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Bacteria Traffic Tracked in New Hospital

Patient hospital room

Patient room, Center for Care and Discovery (University of Chicago Medicine)

26 May 2017. The opening of a new hospital in Chicago offered an opportunity to follow the formation of bacterial communities and their movement in a health care facility. Researchers from University of Chicago that owns the hospital led the study, who reported their results in the 24 May issue of the journal Science Translational Medicine (paid subscription required).

A team led by Jack Gilbert, faculty director of the Microbiome Center at University of Chicago, used the start of a new hospital in the university health system, the Center for Care and Discovery, to track the development and movement of bacteria in health care facilities from the beginning. The Microbiome Center is a research and education center of the university and Argonne National Laboratory.

Gilbert and colleagues collected samples beginning 2 months before the hospital opened in February 2013, then from patients, clinicians, hospital rooms, and nursing stations for 10 months after the hospital started admitting patients. Overall, the researchers amassed more than 6,500 microbial samples from 10 patient hospital rooms and 2 nearby nursing stations, caring for cancer and surgical patients.

The team took swabs from patients’ hands, nostrils, and armpits, along with samples from surfaces they touched, such as bed rails and faucets, and from other room surfaces, including floors and air filters. Nursing staff and station samples came from their hands, gloves, clothing, counter tops, and electronic equipment including pagers, land line phones, and cell phones.

The results show in the two months before the hospital opened, infectious bacteria common to health care operations such as Acinetobacter and Pseudomonas began appearing. But the hospital had a thorough cleaning before it began admitting patients, which largely removed these dangerous microbes. In their place, microbes found on human skin — Corynebacterium, Staphylococcus, and Streptococcus — started to form colonies, most likely brought into the hospital by patients.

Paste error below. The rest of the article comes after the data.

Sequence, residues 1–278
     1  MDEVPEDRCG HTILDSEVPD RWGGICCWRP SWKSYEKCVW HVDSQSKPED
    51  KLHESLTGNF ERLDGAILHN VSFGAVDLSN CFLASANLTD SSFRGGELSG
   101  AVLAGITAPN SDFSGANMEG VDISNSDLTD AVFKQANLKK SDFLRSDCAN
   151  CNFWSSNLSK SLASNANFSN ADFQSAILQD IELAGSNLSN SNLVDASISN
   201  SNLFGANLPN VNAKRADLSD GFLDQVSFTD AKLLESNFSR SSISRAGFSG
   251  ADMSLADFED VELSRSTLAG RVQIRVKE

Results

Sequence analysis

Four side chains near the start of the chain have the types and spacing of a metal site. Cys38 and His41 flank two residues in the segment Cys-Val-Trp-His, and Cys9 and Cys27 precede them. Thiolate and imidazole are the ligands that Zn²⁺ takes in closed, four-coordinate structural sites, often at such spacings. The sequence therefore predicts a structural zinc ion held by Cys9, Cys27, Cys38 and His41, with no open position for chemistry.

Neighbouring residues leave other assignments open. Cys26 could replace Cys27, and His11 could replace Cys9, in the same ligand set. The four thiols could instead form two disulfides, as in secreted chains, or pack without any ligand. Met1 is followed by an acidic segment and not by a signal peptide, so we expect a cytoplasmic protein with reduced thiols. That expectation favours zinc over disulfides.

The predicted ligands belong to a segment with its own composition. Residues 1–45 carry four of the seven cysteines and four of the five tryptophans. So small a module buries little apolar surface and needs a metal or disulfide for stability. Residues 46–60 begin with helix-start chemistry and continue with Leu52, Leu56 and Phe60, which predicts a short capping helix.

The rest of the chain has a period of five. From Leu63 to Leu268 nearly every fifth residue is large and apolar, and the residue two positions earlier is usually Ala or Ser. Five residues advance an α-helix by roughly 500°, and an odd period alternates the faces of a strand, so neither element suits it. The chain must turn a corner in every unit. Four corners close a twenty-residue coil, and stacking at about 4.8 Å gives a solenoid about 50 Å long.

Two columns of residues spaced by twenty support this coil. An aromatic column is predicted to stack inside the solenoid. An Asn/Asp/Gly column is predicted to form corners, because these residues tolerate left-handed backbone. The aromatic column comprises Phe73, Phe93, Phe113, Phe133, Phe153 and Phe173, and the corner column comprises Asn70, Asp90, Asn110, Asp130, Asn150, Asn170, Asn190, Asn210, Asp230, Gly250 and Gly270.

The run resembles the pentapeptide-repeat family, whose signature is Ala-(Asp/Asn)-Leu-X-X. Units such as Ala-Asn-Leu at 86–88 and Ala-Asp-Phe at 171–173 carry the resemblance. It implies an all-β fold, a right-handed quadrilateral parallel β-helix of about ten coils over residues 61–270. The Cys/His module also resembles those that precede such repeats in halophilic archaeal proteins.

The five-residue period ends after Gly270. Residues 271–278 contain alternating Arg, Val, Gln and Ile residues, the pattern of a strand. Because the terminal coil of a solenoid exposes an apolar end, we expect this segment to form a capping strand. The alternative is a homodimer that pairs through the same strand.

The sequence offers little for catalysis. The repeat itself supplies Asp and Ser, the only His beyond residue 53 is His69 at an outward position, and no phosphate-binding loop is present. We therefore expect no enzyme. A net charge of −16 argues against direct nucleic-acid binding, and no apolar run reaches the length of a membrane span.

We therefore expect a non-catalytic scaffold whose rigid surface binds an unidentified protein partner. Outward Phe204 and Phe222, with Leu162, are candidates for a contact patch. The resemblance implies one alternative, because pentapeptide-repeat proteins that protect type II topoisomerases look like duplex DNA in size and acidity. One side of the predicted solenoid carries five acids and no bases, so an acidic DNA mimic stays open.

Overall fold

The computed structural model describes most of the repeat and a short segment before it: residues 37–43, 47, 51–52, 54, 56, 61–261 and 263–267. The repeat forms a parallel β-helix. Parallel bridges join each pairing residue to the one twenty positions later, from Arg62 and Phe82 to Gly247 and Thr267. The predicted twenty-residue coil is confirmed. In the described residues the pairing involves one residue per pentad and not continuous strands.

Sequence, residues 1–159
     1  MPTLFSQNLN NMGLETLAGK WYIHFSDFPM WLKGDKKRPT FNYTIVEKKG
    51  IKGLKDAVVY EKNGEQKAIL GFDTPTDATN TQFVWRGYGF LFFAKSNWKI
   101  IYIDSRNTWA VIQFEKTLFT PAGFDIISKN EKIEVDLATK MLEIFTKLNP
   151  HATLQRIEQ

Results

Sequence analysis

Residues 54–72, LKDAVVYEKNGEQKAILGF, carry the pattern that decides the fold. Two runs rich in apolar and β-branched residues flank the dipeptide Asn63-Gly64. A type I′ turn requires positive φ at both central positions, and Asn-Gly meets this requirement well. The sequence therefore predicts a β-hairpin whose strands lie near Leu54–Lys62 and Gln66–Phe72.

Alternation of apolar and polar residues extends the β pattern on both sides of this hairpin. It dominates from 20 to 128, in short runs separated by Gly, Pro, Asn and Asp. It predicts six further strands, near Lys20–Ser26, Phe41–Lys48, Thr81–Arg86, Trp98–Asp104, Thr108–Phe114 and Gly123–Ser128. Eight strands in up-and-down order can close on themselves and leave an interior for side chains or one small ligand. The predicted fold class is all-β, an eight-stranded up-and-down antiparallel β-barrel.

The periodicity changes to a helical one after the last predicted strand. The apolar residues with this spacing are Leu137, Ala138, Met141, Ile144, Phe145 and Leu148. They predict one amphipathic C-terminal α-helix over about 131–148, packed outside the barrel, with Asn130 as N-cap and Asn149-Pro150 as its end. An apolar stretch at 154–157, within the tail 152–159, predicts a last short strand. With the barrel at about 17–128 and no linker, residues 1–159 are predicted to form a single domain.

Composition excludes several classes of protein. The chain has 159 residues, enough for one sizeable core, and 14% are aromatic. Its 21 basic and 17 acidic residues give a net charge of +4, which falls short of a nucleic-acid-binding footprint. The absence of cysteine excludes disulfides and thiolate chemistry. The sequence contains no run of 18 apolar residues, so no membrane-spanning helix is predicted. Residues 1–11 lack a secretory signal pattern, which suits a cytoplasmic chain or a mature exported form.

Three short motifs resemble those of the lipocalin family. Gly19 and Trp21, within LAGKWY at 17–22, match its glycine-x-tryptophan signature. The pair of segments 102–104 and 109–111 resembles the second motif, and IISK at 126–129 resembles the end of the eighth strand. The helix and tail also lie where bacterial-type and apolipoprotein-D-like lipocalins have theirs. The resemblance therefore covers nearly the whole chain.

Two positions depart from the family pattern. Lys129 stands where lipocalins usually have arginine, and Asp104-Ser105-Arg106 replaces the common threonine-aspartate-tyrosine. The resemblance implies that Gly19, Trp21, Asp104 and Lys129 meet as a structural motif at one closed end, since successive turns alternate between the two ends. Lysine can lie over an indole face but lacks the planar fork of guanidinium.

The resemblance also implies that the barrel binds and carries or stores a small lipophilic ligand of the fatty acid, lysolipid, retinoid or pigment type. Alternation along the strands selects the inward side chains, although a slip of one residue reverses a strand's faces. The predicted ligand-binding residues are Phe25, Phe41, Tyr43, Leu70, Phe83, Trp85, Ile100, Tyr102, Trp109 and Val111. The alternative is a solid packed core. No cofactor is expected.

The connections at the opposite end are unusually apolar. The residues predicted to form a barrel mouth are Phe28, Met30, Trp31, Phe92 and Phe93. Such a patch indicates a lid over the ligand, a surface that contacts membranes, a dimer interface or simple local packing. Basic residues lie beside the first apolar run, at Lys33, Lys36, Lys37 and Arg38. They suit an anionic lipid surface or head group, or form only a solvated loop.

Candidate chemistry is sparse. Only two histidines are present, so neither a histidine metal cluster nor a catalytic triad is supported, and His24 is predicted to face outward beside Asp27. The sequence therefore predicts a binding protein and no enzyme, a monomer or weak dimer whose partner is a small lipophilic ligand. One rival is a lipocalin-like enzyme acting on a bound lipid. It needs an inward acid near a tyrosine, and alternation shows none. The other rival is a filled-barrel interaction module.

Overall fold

The findings show once patients are admitted, the movement of bacteria depends on the length of the patients’ stay in the hospital. In the first day, say the researchers, bacteria tend to move from surfaces in the patient’s room to the patient. After the first day, however, microbes tend to travel from the patient back to the room. “By the second day of their stay,” says Gilbert in a university statement, “the route of microbial transmission was reversed. Within 24 hours, the patient’s microbiome takes over the hospital space.”

Giving antibiotics to prevent infections seems to have mixed results. Antibiotics given as oral drugs or intravenous infusions had little effect on skin microbes, but topical antibiotics largely worked as expected on the skin. In addition, researchers found few differences in microbial patterns among the types of treatment and care provided, including emergency room, surgery, and chemotherapy.

The findings highlighted an alarming development among 92 individuals with extended stays of multiple months in the hospital. The researchers found some dangerous bacteria, including Staphylococcus aureus, Escherichia coli (E. coli), and Pseudomonas aeruginosa began acquiring genes making them more resistant to antibiotics and even more infectious. “This requires further study,” notes Gilbert, “but if it proves to be true then these genetic changes could affect the bacteria’s ability to invade tissue or to escape standard treatments.”